Hawk, Sharp-shinned

Sharp-shinned hawkLatin name: Accipiter striatus

Length, wingspan: 11″, 23″

What they eat: Carnivorous (primarily small birds)

Plants that attract: Wooded areas, bird activity at bird-feeding stations

Where they nest: Forests, conifers

My observations: Sharp-shinned hawks are the smallest of the three Accipiters, with Cooper’s hawks being the mid-sized model and Northern Goshawks being the largest. These small raptors fly around and through trees with the greatest of ease, relying on their ability to surprise and catch small birds. Since our bird feeders and dense-planted landscape attracts a lot of songbirds, it has caught the attention of these hawks as a great place to find lunch. While it can be upsetting to discover one of your favorite birds has become a meal, this is exactly how nature works. It’s all a balance and all birds, great and small, are vital to the ecosystem. These hawks are winter visitors to our garden; we continually marvel at how beautifully they blend in with their surroundings. They nest in the mountains.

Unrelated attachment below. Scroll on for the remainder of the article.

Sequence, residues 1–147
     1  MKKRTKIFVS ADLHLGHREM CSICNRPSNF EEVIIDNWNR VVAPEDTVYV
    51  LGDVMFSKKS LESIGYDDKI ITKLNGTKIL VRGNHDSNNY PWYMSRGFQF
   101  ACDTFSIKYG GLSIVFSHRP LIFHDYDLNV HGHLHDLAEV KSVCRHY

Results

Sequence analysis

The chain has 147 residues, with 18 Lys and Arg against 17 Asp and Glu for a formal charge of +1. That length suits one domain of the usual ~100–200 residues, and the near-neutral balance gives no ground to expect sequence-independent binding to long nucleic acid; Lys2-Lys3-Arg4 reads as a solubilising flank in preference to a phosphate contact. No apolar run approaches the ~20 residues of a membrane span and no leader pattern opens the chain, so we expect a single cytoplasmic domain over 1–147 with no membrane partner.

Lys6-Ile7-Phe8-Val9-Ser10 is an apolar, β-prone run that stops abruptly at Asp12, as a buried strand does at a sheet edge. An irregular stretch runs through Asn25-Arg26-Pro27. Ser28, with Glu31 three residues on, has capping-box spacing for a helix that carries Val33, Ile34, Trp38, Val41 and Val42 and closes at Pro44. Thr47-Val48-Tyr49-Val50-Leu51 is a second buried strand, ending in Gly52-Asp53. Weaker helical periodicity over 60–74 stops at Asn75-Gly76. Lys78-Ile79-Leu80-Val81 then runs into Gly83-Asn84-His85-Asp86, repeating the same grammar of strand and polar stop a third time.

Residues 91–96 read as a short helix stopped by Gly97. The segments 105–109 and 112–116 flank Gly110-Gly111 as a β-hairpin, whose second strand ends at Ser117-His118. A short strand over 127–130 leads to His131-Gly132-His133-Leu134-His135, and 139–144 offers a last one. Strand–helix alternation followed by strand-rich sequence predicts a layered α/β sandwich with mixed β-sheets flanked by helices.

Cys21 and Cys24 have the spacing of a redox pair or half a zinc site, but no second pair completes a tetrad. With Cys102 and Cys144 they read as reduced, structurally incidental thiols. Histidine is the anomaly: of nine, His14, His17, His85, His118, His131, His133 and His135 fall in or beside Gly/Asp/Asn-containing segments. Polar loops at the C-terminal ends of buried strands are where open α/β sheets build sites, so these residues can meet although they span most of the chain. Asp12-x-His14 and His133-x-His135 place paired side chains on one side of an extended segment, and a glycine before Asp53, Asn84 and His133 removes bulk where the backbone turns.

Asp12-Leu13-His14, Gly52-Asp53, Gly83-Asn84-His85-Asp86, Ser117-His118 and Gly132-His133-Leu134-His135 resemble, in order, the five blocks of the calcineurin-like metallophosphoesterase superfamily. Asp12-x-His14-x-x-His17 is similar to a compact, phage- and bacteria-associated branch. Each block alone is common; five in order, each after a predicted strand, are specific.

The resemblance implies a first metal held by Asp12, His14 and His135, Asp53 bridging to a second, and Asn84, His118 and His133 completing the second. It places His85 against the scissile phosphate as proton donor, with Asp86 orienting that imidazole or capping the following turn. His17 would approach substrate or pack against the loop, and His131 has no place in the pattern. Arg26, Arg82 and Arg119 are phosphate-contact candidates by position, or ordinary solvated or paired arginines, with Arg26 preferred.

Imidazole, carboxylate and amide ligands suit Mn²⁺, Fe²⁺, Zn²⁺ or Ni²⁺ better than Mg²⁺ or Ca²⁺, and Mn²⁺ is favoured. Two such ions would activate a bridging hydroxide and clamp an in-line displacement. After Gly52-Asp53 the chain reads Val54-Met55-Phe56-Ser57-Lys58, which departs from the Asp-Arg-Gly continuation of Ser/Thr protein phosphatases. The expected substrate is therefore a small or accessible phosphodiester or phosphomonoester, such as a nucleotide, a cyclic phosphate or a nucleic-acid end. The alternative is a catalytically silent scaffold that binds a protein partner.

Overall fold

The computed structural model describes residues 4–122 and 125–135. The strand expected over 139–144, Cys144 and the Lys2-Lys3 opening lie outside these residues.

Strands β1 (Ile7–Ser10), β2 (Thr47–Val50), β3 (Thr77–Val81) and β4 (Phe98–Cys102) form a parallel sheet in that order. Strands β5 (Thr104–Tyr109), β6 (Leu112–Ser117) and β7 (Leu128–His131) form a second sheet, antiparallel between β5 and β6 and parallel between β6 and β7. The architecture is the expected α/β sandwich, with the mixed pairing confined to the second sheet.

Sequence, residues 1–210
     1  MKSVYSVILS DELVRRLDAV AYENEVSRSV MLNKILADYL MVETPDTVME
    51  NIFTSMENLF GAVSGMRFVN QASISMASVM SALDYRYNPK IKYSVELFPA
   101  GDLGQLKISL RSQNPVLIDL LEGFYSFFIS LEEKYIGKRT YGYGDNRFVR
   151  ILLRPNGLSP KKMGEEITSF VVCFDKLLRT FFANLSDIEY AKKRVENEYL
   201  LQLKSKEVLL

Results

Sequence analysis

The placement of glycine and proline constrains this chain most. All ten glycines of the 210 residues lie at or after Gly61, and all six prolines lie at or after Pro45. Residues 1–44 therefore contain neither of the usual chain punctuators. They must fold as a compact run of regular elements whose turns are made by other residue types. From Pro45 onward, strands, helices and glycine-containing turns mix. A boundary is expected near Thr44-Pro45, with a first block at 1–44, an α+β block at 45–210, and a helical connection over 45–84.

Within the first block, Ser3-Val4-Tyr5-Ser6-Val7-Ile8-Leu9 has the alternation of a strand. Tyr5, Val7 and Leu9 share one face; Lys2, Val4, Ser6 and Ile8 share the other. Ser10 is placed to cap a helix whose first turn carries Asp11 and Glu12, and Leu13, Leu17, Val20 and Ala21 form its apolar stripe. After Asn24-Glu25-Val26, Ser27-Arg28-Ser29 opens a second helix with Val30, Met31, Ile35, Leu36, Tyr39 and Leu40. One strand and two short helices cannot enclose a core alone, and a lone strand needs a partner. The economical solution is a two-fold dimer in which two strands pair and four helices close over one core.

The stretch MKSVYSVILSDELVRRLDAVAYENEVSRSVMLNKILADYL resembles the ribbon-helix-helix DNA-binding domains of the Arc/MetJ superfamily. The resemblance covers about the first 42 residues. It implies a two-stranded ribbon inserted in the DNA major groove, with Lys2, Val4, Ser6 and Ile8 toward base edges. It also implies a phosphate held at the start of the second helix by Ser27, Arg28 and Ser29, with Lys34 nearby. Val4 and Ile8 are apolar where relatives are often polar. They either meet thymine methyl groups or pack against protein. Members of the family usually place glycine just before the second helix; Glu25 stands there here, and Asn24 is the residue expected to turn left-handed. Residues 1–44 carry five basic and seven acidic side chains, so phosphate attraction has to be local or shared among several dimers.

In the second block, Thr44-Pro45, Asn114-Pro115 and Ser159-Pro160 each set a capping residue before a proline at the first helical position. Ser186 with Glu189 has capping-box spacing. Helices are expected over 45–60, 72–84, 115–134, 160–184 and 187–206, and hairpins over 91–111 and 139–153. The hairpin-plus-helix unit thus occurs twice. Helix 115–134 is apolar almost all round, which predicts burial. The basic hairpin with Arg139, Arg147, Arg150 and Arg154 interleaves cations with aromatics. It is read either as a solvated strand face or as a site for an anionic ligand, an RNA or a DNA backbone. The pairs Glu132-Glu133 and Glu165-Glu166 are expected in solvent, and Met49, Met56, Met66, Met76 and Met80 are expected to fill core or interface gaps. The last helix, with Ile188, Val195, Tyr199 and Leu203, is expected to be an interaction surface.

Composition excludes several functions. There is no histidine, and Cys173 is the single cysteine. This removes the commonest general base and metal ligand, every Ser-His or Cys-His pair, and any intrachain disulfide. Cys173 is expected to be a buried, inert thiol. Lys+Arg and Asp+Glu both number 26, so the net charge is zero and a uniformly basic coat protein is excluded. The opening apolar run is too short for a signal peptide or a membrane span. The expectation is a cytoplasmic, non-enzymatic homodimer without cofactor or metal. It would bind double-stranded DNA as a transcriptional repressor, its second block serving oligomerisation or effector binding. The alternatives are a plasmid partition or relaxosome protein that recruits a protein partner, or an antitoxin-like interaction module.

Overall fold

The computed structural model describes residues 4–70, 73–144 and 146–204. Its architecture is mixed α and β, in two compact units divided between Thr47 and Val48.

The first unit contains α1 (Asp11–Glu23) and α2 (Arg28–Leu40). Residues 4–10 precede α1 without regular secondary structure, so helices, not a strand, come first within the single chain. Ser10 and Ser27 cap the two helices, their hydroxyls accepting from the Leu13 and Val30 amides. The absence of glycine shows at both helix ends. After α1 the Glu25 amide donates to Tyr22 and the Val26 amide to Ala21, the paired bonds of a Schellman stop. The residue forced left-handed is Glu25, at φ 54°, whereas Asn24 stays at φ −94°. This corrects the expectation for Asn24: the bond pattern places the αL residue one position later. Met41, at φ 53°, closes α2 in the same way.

Here’s a video of a Sharp-shinned hawk sitting in one of our crabapple trees:

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